Deal Reached in Chicago Garbage Strike
Oct. 09, 2003
CHICAGO (AP) _ Striking garbage collectors reached a tentative agreement early Thursday to end an 8-day-old walkout that left stinking, rat-infested piles of trash throughout the Chicago area.
The Teamsters union was set to vote on the deal later in the day and said garbage trucks could start hauling away the rubbish by nightfall.
The 3,300 union workers handle garbage for 17 private waste haulers that serve Chicago's high-rises and the suburbs.
During the walkout, Mayor Richard Daley sent city sanitation workers to clear away the trash around Wrigley Field, where the Cubs are hosting the National League Championship Series.
The settlement between the union and the Chicago Area Refuse Haulers Association was reached after a nearly 20-hour bargaining session with a federal mediator.
The deal gives garbage collectors a 28 percent increase in wages and benefits over the next five years.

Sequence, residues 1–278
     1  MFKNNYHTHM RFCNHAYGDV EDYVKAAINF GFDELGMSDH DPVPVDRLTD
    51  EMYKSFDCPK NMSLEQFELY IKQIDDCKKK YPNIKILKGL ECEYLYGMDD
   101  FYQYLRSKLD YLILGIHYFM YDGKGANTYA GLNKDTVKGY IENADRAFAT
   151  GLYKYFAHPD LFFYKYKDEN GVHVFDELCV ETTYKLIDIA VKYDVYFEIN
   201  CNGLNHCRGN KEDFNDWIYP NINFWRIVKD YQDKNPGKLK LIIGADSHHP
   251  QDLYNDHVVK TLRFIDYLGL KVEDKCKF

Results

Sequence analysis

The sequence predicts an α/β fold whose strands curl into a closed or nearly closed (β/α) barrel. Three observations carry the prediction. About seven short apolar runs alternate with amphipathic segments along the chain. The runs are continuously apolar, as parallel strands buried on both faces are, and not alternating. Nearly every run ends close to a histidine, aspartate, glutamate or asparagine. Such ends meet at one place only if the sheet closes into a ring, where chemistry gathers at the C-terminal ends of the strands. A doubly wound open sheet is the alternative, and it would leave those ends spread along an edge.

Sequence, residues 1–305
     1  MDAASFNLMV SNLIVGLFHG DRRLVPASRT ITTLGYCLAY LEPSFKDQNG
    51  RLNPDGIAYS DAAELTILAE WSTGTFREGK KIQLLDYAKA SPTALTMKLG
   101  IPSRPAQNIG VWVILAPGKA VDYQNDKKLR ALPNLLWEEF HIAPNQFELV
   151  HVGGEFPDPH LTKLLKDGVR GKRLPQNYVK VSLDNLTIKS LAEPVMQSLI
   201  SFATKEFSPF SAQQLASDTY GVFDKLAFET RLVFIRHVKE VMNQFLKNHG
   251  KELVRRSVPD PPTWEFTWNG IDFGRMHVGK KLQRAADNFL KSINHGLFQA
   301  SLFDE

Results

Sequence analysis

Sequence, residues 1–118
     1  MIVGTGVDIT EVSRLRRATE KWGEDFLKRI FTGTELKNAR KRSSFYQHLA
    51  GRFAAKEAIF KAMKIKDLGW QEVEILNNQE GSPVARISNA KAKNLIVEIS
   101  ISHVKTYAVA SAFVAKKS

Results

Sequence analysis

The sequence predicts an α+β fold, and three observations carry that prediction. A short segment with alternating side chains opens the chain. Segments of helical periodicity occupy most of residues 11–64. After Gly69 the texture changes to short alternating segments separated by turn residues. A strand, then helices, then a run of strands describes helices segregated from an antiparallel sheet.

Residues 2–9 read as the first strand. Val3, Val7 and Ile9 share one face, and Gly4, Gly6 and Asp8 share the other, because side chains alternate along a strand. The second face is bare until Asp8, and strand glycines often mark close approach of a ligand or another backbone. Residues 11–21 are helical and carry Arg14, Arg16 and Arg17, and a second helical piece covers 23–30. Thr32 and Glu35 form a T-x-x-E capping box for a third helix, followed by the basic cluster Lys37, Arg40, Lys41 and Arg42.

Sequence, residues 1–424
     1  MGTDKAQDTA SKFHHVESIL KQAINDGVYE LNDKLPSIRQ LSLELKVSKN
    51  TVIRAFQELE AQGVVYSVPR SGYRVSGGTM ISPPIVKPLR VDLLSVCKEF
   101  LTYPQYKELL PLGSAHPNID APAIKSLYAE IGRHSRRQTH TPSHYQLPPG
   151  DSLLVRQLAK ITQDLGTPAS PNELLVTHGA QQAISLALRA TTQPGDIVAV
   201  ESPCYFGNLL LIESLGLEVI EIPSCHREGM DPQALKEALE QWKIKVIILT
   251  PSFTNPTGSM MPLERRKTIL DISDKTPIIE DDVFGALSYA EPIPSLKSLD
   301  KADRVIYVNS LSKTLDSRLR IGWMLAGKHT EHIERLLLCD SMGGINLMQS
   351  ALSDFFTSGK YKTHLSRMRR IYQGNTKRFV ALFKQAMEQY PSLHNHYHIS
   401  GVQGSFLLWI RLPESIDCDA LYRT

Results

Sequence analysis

``We believe it's a fair proposal. It addresses the needs of our members, and we are very grateful to the mediator,'' Teamsters Local 731 spokesman Terry Hancock said.
Hancock said if the deal were approved, garbage trucks would work through the night until all the trash was picked up.
The Teamsters went on strike after talks reached an impasse over wages, benefits and the length of the contract. The workers make $10 to $21 an hour.
During the strike, trash collection stopped for about 200 of Chicago's 600 public schools. Most of the 200 have trash compactors, but garbage was piled high in the bins for the 82 that do not.
Some restaurants, government buildings and skyscrapers downtown, including the 100-story John Hancock Center, had to store their trash in their loading dock areas. In many alleys, chains were used to help keep the bulging lids on trash bins.
The city sanitation department handles trash removal at smaller buildings and single-family homes.